8 Tips For Staying Connected To Your Tween

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This is a sponsored post by The Carpet and Rug Institute. All opinions are 100% my own.

When my kids were younger I used to be afraid of the teen years. Parents would always talk about them like they were the worst years you could imagine. Your sweet loving hand-holding kids would suddenly be full of hormones and mood swings and your home would be filled with door slamming and curse words. I feel like there are a lot of negative perceptions about parenting during the teen years and it's safe to say now that I am knee deep in them and have two teenagers myself {with one more in the tween pipeline}, they have been some of my favorite years of parenthood.  I think that by facing those fears head on when your children are tweens you can connect with them and prevent some of the rougher issues ahead. While the tween years can be a time when kids start to pull away, I have a few tips for you to still stay connected so that you can enjoy those teen years with your children and not enter into them with fear and trepidation. It's possible to still get in quality time with your children as they grow older and I'm sharing my 8 tips on how to do that and provide them with a soft place to land as their world starts to get more complex.

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Tips For Staying Connected To Your Tween

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1. Play a Game

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All three of my kids have really enjoyed playing games and that hasn't stopped even as they have gotten older. In fact, it's actually more fun to play games with the tween and teenagers because you can really see their personalities and their strengths shine through.  Plus, the games are far more fun! Get down on the floor with them and enjoy some time together. As a mom of two boys, I also get outside and throw a ball or engage in activities that they like as much as I can. My oldest son loves baseball and while he throws far harder than I would like, I still get out and toss a ball with him. I find that when you have your kids distracted they tend to open up and talk to you. If you nurture this part of your relationship early in the tween years, it won't seem forced as the kids continue to grow more independent.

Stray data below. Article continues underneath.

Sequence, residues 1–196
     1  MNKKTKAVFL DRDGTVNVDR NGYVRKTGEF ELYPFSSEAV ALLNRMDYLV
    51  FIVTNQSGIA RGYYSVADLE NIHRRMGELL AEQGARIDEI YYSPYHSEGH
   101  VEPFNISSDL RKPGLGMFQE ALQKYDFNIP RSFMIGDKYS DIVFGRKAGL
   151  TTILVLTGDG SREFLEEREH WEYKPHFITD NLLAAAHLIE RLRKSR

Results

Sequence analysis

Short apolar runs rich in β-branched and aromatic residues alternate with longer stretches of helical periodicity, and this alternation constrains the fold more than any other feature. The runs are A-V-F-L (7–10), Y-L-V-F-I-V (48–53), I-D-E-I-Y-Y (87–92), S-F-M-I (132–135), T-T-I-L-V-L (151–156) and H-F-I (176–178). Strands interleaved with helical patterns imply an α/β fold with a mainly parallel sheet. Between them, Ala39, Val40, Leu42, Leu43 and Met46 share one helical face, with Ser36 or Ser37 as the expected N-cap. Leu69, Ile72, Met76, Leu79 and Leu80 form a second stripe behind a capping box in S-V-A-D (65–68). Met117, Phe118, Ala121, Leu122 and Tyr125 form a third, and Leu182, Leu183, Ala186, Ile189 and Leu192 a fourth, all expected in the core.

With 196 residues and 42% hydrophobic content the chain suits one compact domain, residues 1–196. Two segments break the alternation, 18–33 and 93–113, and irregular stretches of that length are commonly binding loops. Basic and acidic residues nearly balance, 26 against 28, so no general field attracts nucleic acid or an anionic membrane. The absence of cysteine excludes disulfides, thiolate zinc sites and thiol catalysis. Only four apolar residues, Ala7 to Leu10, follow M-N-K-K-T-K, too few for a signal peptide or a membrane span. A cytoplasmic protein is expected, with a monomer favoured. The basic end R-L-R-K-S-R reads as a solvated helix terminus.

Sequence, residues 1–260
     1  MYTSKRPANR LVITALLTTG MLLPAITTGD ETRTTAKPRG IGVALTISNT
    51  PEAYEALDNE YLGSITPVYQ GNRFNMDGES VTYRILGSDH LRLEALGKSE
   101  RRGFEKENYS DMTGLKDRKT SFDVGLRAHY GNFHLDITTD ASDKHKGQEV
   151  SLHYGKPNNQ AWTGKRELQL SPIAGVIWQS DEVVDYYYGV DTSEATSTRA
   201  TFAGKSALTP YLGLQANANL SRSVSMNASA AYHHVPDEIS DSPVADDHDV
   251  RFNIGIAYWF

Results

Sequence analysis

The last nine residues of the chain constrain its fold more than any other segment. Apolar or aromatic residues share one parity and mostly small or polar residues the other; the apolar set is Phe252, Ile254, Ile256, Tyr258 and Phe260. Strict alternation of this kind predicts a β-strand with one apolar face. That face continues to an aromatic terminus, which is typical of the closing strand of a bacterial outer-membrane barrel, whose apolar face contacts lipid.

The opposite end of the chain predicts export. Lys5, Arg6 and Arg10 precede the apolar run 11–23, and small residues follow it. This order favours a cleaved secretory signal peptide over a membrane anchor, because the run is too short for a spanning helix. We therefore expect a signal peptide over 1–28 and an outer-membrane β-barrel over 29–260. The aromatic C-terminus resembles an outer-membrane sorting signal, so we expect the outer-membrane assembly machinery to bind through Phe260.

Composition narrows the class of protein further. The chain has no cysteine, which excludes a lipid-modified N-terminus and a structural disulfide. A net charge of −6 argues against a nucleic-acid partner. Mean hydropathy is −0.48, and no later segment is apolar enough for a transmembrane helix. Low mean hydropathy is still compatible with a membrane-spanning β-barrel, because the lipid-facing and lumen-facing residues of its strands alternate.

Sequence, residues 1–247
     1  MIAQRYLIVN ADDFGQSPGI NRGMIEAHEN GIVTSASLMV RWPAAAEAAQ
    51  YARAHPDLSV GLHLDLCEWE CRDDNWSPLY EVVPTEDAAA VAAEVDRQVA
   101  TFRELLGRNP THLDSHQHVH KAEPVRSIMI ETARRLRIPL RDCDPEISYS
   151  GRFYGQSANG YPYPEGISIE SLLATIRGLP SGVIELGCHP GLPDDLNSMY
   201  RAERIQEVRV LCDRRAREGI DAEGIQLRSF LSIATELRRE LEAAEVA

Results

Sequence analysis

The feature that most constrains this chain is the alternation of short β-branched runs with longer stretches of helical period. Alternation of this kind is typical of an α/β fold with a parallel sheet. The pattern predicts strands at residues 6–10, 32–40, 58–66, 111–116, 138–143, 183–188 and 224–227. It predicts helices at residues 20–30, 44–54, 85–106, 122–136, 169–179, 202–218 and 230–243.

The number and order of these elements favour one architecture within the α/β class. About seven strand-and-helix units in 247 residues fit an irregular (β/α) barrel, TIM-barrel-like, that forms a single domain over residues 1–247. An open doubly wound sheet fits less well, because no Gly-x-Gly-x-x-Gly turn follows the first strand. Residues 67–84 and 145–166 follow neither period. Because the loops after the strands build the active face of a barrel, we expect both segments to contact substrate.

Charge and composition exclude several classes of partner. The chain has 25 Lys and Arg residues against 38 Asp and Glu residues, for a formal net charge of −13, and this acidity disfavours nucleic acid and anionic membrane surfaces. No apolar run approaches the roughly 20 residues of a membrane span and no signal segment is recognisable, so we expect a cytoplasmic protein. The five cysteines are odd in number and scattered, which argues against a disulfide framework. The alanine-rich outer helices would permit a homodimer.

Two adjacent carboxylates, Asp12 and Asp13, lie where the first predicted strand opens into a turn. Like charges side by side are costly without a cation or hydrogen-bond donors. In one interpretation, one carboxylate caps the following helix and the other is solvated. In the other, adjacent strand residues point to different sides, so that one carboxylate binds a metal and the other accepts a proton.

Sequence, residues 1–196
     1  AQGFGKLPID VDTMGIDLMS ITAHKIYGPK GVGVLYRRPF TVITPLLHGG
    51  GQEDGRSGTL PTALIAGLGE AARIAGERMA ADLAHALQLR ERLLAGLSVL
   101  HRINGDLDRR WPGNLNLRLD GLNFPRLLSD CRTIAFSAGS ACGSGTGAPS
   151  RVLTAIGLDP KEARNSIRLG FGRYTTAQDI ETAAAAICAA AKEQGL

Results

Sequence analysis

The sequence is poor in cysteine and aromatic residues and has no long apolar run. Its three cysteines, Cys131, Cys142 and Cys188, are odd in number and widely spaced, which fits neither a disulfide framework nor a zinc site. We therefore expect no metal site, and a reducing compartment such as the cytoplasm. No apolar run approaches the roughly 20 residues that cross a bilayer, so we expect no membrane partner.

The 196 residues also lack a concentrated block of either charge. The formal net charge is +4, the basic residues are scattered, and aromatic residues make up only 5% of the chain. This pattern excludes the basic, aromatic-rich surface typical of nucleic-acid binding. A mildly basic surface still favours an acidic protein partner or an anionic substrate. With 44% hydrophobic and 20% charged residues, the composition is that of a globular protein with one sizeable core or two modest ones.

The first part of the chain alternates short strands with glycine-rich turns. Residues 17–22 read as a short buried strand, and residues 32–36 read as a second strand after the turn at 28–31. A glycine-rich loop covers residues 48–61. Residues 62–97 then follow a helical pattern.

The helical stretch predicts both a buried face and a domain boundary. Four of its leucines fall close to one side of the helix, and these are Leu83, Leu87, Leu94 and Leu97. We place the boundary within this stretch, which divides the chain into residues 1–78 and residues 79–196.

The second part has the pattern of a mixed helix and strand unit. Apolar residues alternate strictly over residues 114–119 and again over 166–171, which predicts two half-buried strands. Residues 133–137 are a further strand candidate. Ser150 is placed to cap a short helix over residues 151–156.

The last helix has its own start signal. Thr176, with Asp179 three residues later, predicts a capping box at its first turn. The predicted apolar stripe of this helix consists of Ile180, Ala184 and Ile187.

2. Engage Them

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Flipping through old family photo albums is a great way to connect with your tween. Ask them about what they remember and reminisce about things that they may not. Our family photo albums are some of the most loved books in our home. Describing stories about them may just put a smile on their face that you haven't seen in awhile.

3. Set Expectations

Tweens and teens may not like the expectations their parents set for them, but it doesn't mean that they won't understand that their parents care about them enough to set limits and boundaries and that certain things are expected of them as members of your family. I find that by explaining these expectations to them too rather than using the old line "because I said so" tends to work better so that they have an understanding of why the rules are in place. 

4. Recognize Their Need for Independence
There will be time when your tween just wants to be alone. A tweens life can be very over stimulating and they have a lot of emotions to process. Sometimes they just need a break from all of that so that they can gather their thoughts. Don't take it personally and encourage that down time.